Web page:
THE RIDDLE OF THE TRICKSTER
a cross-cultural overview
Thunderspud of Dragonfhain
Who is this trickster archetype, the one who inspires such mixed
feelings and brouhaha? Trickster has been with us from the
beginning. Trickster will be there at the ending. (If there is an
ending, Trickster will probably trigger it). Trickster is a creator,
a transformer, a joker, a truth teller, a destroyer.
Whoever has created a dance, a song, written a ritual, tailor-made a
job, birthed a child or invented a game has partaken of a controlled
Trickster energy. After all, in Northwest Native and Inuit
tradition, Raven created the world; Loki is known to the Norse as a
co creator (and the bringer of Ragnarok); Anansi the spider-trickster
among the Ashanti of Ghana and Nareau the spider in Micronesia;
Coyote among the Southwest Natives --these are the creator aspects of
this wild and uncontrolled energy. Trickster often begins in the
void, desiring to bring Order out of Chaos; once Order is imposed,
however, Trickster represents the breaking free of negative power
from the Universal Order of things.
As a shape-shifter, Trickster is all things to all people, at one
time or another, and often simultaneously. Of course Trickster is a
creator and a destroyer. Sure he's a family man and a vagabond.
Naturally he gives fire to humans and then steals their food before
they can cook it. This is his style; when he acts out of
selfishness, everyone benefits -- Maui of the Thousand Tricks might
snare the Sun to slow it down, making life easier for humans, but he
did it so his mother would have more time to cook for him. When he
acts out of altruism, there's most always a negative effect --Marawa,
a Lou Costello prototype from Banks Island carved human figures from
wood and put them in the ground so they would grow and be strong;
however, they merely rotted and death came into the world of humans.
This shape- shifter not only moves from shape to shape, but from
world to world. Number Eleven suffered at the hands of death to free
his brothers; his brothers then took his lifeless body away and
revived him. In the Winnebago cycle, Trickster dies three times and
returns to life three times. In just one collection of Coyote
stories, Giving Birth to Thunder, Sleeping With His Daughter, Coyote
dies of a snake bite, a gunshot, an arrow wound, a broken heart, a
rock-fall and a drowning; this resembles nothing so much as a
Last amended June 11, 1989 -- Page NEXTRECORD
Trickster fuzzes the lines between Male and Female, between cunning
and stupidity (in one story Coyote steals a horse, in another he
almost drowns trying to eat some berries reflected in a stream),
between wisdom and stupidity. Trickster tells us the truth about our
selves, showing us with truth and wit the sides of our nature that we
may be more comfortable not acknowledging; he's the one who points at
the Emperor's nakedness, he's Lenny Bruce and Ashleigh Brilliant, Ken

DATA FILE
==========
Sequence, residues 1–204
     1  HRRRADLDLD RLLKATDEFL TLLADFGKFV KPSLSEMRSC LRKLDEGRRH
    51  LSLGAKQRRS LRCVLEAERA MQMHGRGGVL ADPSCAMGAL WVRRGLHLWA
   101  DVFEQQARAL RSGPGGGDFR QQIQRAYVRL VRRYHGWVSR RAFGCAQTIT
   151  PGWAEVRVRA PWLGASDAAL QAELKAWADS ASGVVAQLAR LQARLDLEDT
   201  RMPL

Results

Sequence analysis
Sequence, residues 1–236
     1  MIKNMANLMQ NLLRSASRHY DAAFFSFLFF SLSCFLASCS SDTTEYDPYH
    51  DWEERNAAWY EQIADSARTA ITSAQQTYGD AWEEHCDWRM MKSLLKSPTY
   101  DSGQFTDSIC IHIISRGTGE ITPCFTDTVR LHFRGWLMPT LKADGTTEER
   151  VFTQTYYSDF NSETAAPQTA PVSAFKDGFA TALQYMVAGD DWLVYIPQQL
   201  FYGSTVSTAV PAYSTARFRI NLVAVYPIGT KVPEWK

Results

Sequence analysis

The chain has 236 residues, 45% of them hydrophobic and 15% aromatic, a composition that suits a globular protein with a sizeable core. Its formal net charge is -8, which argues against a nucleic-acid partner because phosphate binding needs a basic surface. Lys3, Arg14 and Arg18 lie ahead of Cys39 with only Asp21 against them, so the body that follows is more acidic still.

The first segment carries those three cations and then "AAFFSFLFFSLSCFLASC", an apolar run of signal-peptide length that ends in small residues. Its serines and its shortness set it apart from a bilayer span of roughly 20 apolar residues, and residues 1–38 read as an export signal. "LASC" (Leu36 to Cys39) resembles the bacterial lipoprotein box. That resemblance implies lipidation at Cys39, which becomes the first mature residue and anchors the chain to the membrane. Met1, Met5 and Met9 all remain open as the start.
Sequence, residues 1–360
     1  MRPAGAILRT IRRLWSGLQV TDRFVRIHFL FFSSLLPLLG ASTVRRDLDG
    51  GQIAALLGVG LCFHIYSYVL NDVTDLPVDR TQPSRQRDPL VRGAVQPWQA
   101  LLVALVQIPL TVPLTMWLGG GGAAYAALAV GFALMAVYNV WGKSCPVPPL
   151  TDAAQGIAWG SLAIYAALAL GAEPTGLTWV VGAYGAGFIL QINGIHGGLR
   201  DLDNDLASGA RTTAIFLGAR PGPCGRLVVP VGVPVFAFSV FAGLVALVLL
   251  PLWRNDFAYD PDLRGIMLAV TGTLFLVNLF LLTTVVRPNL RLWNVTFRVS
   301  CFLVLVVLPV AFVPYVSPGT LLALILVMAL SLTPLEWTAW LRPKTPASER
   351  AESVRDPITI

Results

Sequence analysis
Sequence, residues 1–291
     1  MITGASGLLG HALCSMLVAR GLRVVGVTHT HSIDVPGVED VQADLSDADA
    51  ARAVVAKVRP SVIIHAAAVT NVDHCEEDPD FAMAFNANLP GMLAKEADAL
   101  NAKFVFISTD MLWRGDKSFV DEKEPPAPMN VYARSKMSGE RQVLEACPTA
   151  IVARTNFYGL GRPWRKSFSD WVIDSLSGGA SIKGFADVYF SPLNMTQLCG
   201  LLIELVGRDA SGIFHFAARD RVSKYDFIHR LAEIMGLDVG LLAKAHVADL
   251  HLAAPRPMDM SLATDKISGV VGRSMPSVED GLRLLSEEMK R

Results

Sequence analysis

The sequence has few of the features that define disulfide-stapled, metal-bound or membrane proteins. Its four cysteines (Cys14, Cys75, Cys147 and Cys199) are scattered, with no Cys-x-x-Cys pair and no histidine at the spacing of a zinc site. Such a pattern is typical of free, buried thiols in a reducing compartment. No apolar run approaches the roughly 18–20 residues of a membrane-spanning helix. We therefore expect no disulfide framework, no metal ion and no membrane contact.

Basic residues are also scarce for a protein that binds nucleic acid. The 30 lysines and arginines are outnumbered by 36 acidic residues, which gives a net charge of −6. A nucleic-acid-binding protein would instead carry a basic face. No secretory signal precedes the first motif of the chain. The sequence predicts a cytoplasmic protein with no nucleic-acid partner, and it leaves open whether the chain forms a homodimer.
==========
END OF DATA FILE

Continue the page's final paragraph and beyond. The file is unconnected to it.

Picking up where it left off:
Kesey and Uncle Remus, Opus, Geech, Tom Robbins, Abbie Hoffman, Don
Becker, Weird Al Yankovich and David Letterman, holding up a skewed
mirror of reality for us to look into. Among the Aztecs, as serious
a culture as this continent has ever seen, Ueuecoyotl, a funny and
outrageously unacceptable clown figure; in the Southwest, at serious
rituals, he's the Koshare speeding around the circle with tickling
feathers and rattle, being ignored completely by the priest.
Trickster shines on as a culture bringer: Prometheus steals fire for
his poor stunted creations, and pays a terrible and eternal price for
his philanthropy. Loki also steals fire for humans, as do Anansi,
Raven, Coyote, Maui; so far I have found no less than seventeen
stories from different cultures on this theme. Anansi tricked
Nyankopon the Sky-God out of his stories and gave them to the humans.
Clat, from Banks Island, taught humans how to sleep.
In the stories of the Ashanti, Anansi invented the tar-baby as a ruse
to trap an elemental spirit, but in the Native American stories,
Coyote is trapped by a tar-baby set up by a farmer. Actually the
farmer had caught a rabbit with his tar-baby, but Coyote happened
along and asked Rabbit what he was doing there. "The farmer who owns
this field got mad at me because I wouldn't eat his melons, so he
stuck me here and said he'd come back and make me eat chicken."
Rabbit replies, "But I told him I wouldn't do it." Of course, greedy
Coyote extricates Rabbit and wraps himself around the tar-baby where
he still his when the farmer comes out and shoots him.
So this is the Trickster, the energy that allows us to break out of
our stereotypes, whether they've been imposed by ourselves, our
families, our culture. This is the energy that opens the world of
limitless possibilities and it behooves us all to work with it before
it destroys us, to touch the Trickster as he touches us.
...........from RMPJ, Oct.'86
Last amended June 11, 1989 -- Page NEXTRECORD
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